By Michael Every of Rabobank
Everything Old is New Again
Using the matrix of both bond yields AND commodity prices I suggested yesterday as a judge of what the market is thinking vs. what the Fed then needs to be doing seems to have held water. Amid the usual “why bother paying attention to facts when one can buy dips” equity action, US 10-year yields surged 8bp back to 2.99% and 2-year yields 12bps to 2.69%, AND oil and wheat moved higher, the former to over $115 before dipping back to around $113, the latter starting lower but closing at a new record high. Bonds sold off after we got a hawkish Powell interview that showed he was looking at the continued rise in commodities, not any falls in demand.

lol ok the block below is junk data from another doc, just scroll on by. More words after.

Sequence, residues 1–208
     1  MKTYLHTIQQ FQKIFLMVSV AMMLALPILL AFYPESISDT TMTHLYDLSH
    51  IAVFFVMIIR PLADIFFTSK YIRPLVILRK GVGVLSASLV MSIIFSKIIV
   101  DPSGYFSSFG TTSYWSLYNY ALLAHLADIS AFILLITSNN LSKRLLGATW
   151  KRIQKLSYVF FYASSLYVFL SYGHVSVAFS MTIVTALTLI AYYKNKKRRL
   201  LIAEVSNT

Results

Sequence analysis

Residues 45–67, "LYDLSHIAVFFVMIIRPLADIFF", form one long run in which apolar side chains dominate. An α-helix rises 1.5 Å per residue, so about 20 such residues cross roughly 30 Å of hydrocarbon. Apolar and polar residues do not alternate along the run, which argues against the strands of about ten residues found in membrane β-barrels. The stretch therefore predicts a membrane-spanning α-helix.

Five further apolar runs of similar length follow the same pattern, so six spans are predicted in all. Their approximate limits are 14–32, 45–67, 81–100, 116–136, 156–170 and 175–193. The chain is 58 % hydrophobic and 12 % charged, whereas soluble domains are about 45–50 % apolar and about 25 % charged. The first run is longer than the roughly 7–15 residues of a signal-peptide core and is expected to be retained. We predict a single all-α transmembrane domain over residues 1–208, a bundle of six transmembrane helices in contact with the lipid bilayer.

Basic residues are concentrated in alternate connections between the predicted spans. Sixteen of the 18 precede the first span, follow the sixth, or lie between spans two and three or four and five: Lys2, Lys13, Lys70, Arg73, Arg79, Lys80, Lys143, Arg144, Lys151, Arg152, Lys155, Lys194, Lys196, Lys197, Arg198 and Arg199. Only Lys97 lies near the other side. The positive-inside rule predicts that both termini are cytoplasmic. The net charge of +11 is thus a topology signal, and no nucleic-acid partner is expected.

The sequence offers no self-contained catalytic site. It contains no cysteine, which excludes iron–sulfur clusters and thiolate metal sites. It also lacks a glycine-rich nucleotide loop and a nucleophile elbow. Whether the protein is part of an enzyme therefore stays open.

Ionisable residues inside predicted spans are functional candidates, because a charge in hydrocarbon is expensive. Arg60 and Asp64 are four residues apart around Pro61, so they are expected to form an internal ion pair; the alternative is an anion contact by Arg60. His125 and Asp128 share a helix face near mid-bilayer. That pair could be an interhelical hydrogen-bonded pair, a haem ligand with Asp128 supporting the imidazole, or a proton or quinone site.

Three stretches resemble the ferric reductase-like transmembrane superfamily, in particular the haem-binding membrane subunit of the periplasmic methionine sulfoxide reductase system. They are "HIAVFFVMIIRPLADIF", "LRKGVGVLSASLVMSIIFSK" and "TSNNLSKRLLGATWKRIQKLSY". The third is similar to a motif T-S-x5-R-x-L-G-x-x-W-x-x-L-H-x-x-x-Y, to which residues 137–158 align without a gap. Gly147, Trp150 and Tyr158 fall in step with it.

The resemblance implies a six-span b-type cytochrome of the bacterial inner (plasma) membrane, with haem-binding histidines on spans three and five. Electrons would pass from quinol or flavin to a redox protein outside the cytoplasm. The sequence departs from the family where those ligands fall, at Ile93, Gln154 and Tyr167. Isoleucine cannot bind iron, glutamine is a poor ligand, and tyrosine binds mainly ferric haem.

Specifically, Powell stated ”There’s an overwhelming need to get inflation under control”; that “this is not a time for tremendously nuanced readings of inflation: we need to bring it down in a convincing way. We do not see that right now. Some signs are promising, others are not”; and that the Fed “will push ahead with rate increases until we get as far as we need to get – we’ll keep going.” Indeed, Powell stressed, “Neutral is not necessarily a stopping point. If we have to go beyond neutral, we will not hesitate.” He also underlined “We will tighten until we are at a place where financial conditions are appropriate, and inflation is coming down.” In other words, bond yields cannot truly come down before key commodities do. Whocouldanooed?